Avocados can be cryogenically frozen and shipped to MARS, say experts who revived frozen shoots to regrow healthy plants
Scientists have cryopreserved the shoots of avocado plants for the first timeThe team was able to revive them and leaves sprouted within two monthsThey placed the shoots in an aluminum foil strip and then in a ‘cryotube’ Tubes were stored in liquid nitrogen and it only takes 20 minutes to normalize The team achieved 80% success in regrowing frozen Reed avocado plants
Hollywood has suggested that space faring heroes living on Mars will have a menu of just potatoes, but scientists are working on a way to add avocados to the list.
Researchers at the University of Queensland have designed a method that cryopreserves the shoots and revive them later to grow a healthy plant.
The shoots are placed in an aluminum foil strip and then in a ‘cryotube’ before being stored in liquid nitrogen.
The team says it takes about 20 minutes for the shoots to recover and within two months, the plants regrew leaves.
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Researchers at the University of Queensland have designed a method that cryopreserves the shoots and revive them later to grow a healthy plant (pictured)
Professor Neena Mitter: ‘I suppose you could say they are space-age avocados – ready to be cryo-frozen and shipped to Mars when human flight becomes possible.’
The team set out on this mission to find a solution to protect the world’s supplies of avocados, which are commonly face shortages throughout the year and around the world.
Mitter joked saying their work is not only about protecting the fruit, but also ‘ensuring we meet the demand of current and future generations for their smashed ‘avo’ on toast.’
This is the first time scientists have successfully created a cryopreservation method for avocados – something that has been in the works for more than 40 years.
Hollywood has suggested that space faring heroes living on Mars will have a menu of just potatoes, but scientists are working on a way to add avocados to the list (stock)
University of Queensland PhD student Chris O’Brien, who developed the first critical steps, said:’ The aim is to preserve important avocado cultivars and key genetic traits from possible destruction by threats like bushfires, pests and disease such as laurel wilt – a fungus which has the capacity to wipe out all the avocado germplasm in Florida.’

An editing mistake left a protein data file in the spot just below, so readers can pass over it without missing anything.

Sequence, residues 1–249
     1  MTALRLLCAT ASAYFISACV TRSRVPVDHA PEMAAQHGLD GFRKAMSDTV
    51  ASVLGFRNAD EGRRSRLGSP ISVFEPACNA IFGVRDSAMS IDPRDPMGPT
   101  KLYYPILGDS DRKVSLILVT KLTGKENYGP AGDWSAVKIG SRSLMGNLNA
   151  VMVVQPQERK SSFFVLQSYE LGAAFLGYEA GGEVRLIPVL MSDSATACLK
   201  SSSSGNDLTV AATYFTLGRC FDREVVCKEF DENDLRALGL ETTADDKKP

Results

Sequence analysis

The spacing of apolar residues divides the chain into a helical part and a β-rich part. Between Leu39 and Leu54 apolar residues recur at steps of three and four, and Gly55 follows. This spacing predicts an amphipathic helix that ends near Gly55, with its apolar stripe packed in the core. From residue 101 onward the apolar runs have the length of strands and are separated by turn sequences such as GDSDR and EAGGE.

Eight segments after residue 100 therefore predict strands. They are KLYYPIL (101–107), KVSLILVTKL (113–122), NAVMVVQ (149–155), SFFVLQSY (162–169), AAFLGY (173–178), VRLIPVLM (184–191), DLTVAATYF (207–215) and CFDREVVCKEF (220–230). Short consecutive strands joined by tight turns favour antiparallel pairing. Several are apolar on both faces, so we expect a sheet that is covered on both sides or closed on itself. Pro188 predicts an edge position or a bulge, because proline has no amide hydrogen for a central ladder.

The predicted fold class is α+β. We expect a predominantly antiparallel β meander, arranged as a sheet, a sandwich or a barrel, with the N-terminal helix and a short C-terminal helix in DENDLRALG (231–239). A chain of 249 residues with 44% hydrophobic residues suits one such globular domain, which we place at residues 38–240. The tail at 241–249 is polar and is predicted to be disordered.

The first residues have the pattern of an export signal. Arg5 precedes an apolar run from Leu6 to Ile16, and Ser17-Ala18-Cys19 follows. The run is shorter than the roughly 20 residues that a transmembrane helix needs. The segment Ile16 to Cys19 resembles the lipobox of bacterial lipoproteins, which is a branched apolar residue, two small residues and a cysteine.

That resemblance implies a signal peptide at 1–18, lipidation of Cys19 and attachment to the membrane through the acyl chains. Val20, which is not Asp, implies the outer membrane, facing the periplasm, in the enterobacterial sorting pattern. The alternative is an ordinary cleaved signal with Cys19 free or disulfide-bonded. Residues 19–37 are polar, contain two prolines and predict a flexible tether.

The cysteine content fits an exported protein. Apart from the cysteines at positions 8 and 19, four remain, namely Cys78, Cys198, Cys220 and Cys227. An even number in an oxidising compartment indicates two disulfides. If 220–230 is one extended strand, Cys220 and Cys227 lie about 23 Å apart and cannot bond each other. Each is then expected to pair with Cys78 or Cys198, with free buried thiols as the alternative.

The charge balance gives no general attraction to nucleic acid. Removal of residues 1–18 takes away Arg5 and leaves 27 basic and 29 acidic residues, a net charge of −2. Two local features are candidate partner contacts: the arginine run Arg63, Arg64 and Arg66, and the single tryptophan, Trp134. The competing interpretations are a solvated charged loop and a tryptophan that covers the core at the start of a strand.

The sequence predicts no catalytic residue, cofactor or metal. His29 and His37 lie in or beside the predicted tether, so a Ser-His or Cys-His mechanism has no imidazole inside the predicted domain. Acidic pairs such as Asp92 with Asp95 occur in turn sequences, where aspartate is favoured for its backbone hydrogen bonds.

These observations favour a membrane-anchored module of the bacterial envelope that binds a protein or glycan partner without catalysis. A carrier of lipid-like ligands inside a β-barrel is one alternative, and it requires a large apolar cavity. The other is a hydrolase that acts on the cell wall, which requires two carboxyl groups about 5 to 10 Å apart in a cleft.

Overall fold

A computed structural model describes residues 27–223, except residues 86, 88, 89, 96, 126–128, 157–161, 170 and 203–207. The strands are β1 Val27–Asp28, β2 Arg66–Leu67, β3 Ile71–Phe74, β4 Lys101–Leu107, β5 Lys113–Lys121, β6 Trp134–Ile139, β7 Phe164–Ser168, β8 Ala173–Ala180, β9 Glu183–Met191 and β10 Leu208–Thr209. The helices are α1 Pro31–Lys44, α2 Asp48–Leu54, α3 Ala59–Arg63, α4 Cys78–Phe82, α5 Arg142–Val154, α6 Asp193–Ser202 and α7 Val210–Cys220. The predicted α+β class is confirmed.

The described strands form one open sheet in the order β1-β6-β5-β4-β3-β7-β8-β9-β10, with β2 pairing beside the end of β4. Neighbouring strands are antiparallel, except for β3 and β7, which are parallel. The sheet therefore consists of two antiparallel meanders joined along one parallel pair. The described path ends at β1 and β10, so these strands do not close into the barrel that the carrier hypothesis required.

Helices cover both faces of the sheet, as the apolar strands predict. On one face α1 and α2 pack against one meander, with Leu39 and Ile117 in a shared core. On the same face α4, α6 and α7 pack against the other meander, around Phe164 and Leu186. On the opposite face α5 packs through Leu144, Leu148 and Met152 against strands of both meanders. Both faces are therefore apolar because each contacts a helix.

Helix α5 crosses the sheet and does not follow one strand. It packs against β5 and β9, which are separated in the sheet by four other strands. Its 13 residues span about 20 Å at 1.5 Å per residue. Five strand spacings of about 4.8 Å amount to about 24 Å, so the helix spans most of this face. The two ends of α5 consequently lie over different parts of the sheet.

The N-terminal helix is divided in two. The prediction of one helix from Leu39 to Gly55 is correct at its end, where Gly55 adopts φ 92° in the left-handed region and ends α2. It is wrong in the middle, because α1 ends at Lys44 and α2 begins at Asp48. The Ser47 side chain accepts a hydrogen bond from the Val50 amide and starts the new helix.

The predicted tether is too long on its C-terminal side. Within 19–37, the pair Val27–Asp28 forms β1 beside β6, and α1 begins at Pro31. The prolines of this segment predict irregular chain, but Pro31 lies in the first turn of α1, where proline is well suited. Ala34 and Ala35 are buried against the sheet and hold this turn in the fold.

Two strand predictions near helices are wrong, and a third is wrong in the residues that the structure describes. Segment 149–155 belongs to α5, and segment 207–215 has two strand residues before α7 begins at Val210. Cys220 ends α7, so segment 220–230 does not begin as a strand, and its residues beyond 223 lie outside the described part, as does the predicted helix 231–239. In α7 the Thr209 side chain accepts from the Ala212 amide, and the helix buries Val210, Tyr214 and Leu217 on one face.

‘Liquid nitrogen does not require any electricity to maintain its temperature, so by successfully freeze avocado germplasm, it’s an effective way of preserving clonal plant material for an indefinite period.’
Pictured is the move ‘The Martian,’ as Matt Damon’s character is on Mars farming potatoes
Cryopreservation is typically used to freeze sperm and eggs, which is stored at -320 degrees Fahrenheit.
However, the process has also been used on other plants including bananas, grape vines and apple.
O’Brien teamed up with Mitter and Dr. Raquel Folgado from The Huntington Library, Art Museum, and Botanical Gardens in California to perfect his technique.
They began with a clonal shoot tip developed from tissue culture propagation technology, which is a technique used to maintain plant cells.
This allowed up to 500 avocado plants to grow from just one shoot-tip.
However, O’Brien said the initial work resulted in the team sifting through brown mush.
The shoots are placed in an aluminum foil strip and then in a ‘cryotube’ before being stored in liquid nitrogen
The team says it takes about 20 minutes for the shoots to recover and within two months, the plants regrew leaves
‘There was no protocol so I experimented with priming the tips with Vitamin C, and used other pre-treatments like sucrose and cold temperature to prepare the cells – it was a question of trial and error to get the optimal mixture and correct time points,’ he said.
After some trial and error, the group placed the shoot tips on an aluminum foil strip.
This was key to allowing it to quickly cool and rewarm without becoming a slush.
And then the strips were put into ‘cryotubes’ that were stored in liquid nitrogen.
‘It takes about 20 minutes to recover them,’ Mr O’Brien said.
‘In about two months they have new leaves and are ready for rooting before beginning a life in the orchard.’
The team achieved 80 percent success in regrowing frozen Reed avocado plants and 60 percent with the Velvick cultivar.